This past July I traveled to Pittsburgh with my wife to hang out with good friends and go to the Pittsburgh Vintage Grand Prix 2014 (PVGP). The PVGP is a vintage car show/race that takes place every year and is a family friendly event that raises funds to help disabled individuals in the Pittsburgh region. I was excited to go because I have a constant itch to photograph motorsports and this is a great opportunity to do so. With vintage cars racing on city streets, good views of the track are very accessible allowing me to get close to the action even in the absence of a media pass. There’s also a colossal amount of vehicle makes and models present for the car show.
It was fun to casually stroll around and shoot cars that caught my eye with the sound of race cars filling the air. And if we want to take a break from walking around and looking at the show cars, we can grab some local food from a food truck and set up chairs track side to watch vintage race cars battle it out. This is a very relaxing event to photograph and perhaps that’s why I enjoy it so much. Sure, if I were being commissioned to photograph the race for a big sponsor the pressure would be on. But, I wasn’t and it enabled me to shoot casually for fun and that’s when I usually produce some of my favorite images.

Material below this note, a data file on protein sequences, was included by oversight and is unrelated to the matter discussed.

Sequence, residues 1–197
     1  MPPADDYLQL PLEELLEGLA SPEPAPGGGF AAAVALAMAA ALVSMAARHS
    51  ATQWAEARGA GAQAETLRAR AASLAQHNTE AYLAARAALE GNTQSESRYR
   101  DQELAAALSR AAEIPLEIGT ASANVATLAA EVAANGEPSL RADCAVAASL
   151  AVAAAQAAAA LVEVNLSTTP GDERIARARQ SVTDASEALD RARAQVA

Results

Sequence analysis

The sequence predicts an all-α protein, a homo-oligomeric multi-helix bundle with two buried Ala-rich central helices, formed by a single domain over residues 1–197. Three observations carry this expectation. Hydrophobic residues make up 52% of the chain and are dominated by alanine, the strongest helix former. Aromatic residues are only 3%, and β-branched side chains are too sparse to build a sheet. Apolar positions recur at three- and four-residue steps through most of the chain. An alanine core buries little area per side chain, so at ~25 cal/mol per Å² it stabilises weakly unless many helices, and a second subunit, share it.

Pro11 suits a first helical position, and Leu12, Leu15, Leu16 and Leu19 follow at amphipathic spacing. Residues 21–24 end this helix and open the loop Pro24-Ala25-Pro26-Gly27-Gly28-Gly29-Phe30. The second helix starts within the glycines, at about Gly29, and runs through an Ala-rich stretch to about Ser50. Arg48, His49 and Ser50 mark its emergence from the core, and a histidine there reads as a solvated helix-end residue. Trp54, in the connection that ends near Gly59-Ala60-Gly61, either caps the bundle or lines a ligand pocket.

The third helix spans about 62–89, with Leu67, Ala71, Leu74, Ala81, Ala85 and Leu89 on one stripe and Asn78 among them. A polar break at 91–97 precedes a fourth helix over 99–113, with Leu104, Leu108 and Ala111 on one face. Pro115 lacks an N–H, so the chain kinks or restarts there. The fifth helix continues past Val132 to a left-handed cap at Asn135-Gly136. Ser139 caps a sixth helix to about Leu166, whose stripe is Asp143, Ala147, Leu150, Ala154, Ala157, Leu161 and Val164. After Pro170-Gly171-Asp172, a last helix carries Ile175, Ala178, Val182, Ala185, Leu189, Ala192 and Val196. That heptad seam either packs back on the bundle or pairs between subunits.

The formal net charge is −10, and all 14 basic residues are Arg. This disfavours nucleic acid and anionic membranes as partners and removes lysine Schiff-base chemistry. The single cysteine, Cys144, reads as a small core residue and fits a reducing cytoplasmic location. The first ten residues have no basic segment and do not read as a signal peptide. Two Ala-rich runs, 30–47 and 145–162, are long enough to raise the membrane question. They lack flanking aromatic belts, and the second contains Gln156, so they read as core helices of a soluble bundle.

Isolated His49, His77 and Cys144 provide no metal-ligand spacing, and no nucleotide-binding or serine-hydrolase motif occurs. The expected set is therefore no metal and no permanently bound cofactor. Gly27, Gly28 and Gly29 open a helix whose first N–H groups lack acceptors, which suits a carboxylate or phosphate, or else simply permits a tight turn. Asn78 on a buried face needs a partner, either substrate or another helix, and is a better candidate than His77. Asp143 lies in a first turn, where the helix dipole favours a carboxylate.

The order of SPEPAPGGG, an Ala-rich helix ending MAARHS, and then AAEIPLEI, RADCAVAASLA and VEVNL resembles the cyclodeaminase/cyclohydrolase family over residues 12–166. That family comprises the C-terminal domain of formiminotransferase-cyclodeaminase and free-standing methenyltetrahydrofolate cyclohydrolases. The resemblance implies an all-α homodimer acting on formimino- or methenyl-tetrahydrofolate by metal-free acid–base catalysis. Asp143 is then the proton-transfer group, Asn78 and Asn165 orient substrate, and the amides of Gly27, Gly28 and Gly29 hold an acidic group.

However, events like this do come along with some challenges. With so many people in attendance, it requires patience to get shots of show cars with large crowds around them. Some cars are so popular that getting people in the shot is inevitable, you just have to wait so they’re not directly in-between you and the car. But, sometimes you can use crowds to your advantage. I decided to experiment with a panning shot of a BMW 2002 racing and purposefully get people in the foreground of my shot. I was really pleased with the outcome because it created context for the environment and how close we were able to get to the action (while maintaining a safe distance of course). I then took that concept to the wooded areas and shot with trees in the foreground which was tough because the camera’s auto focus just wanted to focus on the trees. However, when I did get the cars in focus I was very happy with the outcome.
I ended up walking away from the event with some of my favorite shots I’ve made in a while and I had a great time hanging out with friends. My wife and I have made it a point to go to the PVGP every change we get because it’s such a good time and the funds go to a great charity. Also, if you plan to bring a camera, bring plenty of memory and batteries because there’s enough subject matter for you to have your finger on the shutter the entire time and still not capture everything.